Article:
At the FAO’s blog, Ben Davis argues that they don’t. Some key quotes, drawing on recent research on several African projects:
Along with the increase in productive activities, the cash transfers programmes have given households more flexibility with their time. In most countries of sub-Saharan Africa, low paying casual agricultural wage labour is an activity of last resort, when households are desperate for cash. In Zambia, women in beneficiary households reduced their participation in agricultural wage labour by 17-percentage points and 12 fewer days a year. Both men and women increased the time they spent on family agricultural and non-agricultural businesses. … As one elderly beneficiary said, “I used to be a slave to ganyu (low-paid wage labour) but now I am free.”
Cash transfer programmes also have allowed beneficiary households to better manage risk. Fieldwork in Kenya, Ghana, Lesotho, Zimbabwe, Ethiopia and Malawi has found that the programmes increased social capital and allowed beneficiaries to ’re-enter’ existing social networks and/or to strengthen informal social protection systems and risk-sharing arrangements.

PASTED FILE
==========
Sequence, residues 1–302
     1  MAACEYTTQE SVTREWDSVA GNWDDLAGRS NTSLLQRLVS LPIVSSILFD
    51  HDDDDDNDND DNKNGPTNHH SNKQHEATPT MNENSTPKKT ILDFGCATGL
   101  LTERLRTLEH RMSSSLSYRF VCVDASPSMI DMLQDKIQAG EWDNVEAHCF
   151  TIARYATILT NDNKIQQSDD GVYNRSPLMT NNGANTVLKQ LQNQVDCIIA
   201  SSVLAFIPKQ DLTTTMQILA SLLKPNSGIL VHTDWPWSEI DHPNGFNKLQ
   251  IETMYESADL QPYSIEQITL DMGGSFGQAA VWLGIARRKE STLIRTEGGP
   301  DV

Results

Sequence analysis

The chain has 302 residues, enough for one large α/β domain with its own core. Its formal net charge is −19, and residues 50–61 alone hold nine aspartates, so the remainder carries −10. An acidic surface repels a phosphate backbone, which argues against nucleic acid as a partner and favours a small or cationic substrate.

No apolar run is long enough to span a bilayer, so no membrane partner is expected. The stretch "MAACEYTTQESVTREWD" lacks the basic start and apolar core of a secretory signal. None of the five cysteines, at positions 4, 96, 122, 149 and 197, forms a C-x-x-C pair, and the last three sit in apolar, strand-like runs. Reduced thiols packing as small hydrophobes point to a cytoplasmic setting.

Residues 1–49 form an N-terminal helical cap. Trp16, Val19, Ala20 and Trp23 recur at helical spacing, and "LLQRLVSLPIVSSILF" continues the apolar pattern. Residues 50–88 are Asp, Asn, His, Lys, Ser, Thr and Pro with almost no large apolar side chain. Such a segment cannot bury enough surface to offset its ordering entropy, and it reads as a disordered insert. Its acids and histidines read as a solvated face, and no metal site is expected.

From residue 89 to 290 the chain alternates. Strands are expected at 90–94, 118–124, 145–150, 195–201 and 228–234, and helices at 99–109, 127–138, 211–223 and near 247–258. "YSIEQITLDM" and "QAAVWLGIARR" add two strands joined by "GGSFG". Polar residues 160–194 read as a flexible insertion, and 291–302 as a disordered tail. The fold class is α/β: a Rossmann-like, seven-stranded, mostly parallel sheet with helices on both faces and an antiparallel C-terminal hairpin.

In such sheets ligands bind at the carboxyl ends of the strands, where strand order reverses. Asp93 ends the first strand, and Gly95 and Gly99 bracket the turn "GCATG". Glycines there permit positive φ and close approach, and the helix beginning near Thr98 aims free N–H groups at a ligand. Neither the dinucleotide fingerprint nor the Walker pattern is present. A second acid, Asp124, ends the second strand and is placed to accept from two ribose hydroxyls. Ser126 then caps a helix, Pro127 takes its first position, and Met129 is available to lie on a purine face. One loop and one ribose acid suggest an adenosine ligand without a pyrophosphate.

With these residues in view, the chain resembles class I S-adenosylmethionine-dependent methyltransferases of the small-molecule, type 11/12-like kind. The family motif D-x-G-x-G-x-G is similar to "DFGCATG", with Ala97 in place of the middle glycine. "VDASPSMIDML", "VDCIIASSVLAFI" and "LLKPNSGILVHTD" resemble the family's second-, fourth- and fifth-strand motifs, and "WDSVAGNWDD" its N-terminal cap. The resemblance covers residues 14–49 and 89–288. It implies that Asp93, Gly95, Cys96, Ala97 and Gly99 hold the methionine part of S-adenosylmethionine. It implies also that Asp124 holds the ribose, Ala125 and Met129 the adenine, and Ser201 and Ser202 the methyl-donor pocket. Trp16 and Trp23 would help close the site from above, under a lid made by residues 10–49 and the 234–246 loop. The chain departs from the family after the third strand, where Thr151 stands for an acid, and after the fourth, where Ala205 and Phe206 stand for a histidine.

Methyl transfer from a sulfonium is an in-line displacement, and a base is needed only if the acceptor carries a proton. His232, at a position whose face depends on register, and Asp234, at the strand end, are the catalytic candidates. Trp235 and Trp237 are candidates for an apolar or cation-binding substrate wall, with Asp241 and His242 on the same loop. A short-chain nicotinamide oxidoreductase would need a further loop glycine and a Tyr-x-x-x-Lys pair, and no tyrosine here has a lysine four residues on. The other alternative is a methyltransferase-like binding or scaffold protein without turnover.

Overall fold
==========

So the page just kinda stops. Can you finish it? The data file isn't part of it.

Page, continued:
One of the important points that I take from this is that the idea of “welfare dependency” as transfer-induced withdrawal from the labor market is overly simplistic. Selecting a livelihood strategy rarely comes down to a binary decision to work or depend on the state, be it in rural sub-countries in Kenya or poor neighborhoods in Chicago. Instead, people choose from a portfolio of livelihood options, often combining various sources of income at the same time. These might include agricultural production, self-employment, waged labor, salaried labor, support from family or friends, and support from the government. Davis’ point suggests that state-provided transfers don’t substitute for all the other livelihood choices here, but rather give people enough of a buffer that they don’t have to resort to the most poorly paid or abusive options quite so often.